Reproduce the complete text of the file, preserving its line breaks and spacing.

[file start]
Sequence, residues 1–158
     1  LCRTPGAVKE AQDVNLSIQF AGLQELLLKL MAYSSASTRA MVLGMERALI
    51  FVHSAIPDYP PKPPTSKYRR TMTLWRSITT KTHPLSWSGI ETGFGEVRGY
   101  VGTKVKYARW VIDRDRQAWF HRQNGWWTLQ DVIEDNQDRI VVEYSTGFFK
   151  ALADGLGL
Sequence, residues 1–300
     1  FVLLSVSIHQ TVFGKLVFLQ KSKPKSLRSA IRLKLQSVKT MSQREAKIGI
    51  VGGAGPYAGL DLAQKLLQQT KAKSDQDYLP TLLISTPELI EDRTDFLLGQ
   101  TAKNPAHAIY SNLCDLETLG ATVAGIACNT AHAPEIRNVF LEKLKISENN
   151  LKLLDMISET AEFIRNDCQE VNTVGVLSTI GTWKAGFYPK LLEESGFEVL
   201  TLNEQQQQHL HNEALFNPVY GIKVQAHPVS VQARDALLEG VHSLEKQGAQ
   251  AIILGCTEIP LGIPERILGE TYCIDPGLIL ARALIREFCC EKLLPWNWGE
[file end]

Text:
Sequence, residues 1–158
     1  LCRTPGAVKE AQDVNLSIQF AGLQELLLKL MAYSSASTRA MVLGMERALI
    51  FVHSAIPDYP PKPPTSKYRR TMTLWRSITT KTHPLSWSGI ETGFGEVRGY
   101  VGTKVKYARW VIDRDRQAWF HRQNGWWTLQ DVIEDNQDRI VVEYSTGFFK
   151  ALADGLGL
Sequence, residues 1–300
     1  FVLLSVSIHQ TVFGKLVFLQ KSKPKSLRSA IRLKLQSVKT MSQREAKIGI
    51  VGGAGPYAGL DLAQKLLQQT KAKSDQDYLP TLLISTPELI EDRTDFLLGQ
   101  TAKNPAHAIY SNLCDLETLG ATVAGIACNT AHAPEIRNVF LEKLKISENN
   151  LKLLDMISET AEFIRNDCQE VNTVGVLSTI GTWKAGFYPK LLEESGFEVL
   201  TLNEQQQQHL HNEALFNPVY GIKVQAHPVS VQARDALLEG VHSLEKQGAQ
   251  AIILGCTEIP LGIPERILGE TYCIDPGLIL ARALIREFCC EKLLPWNWGE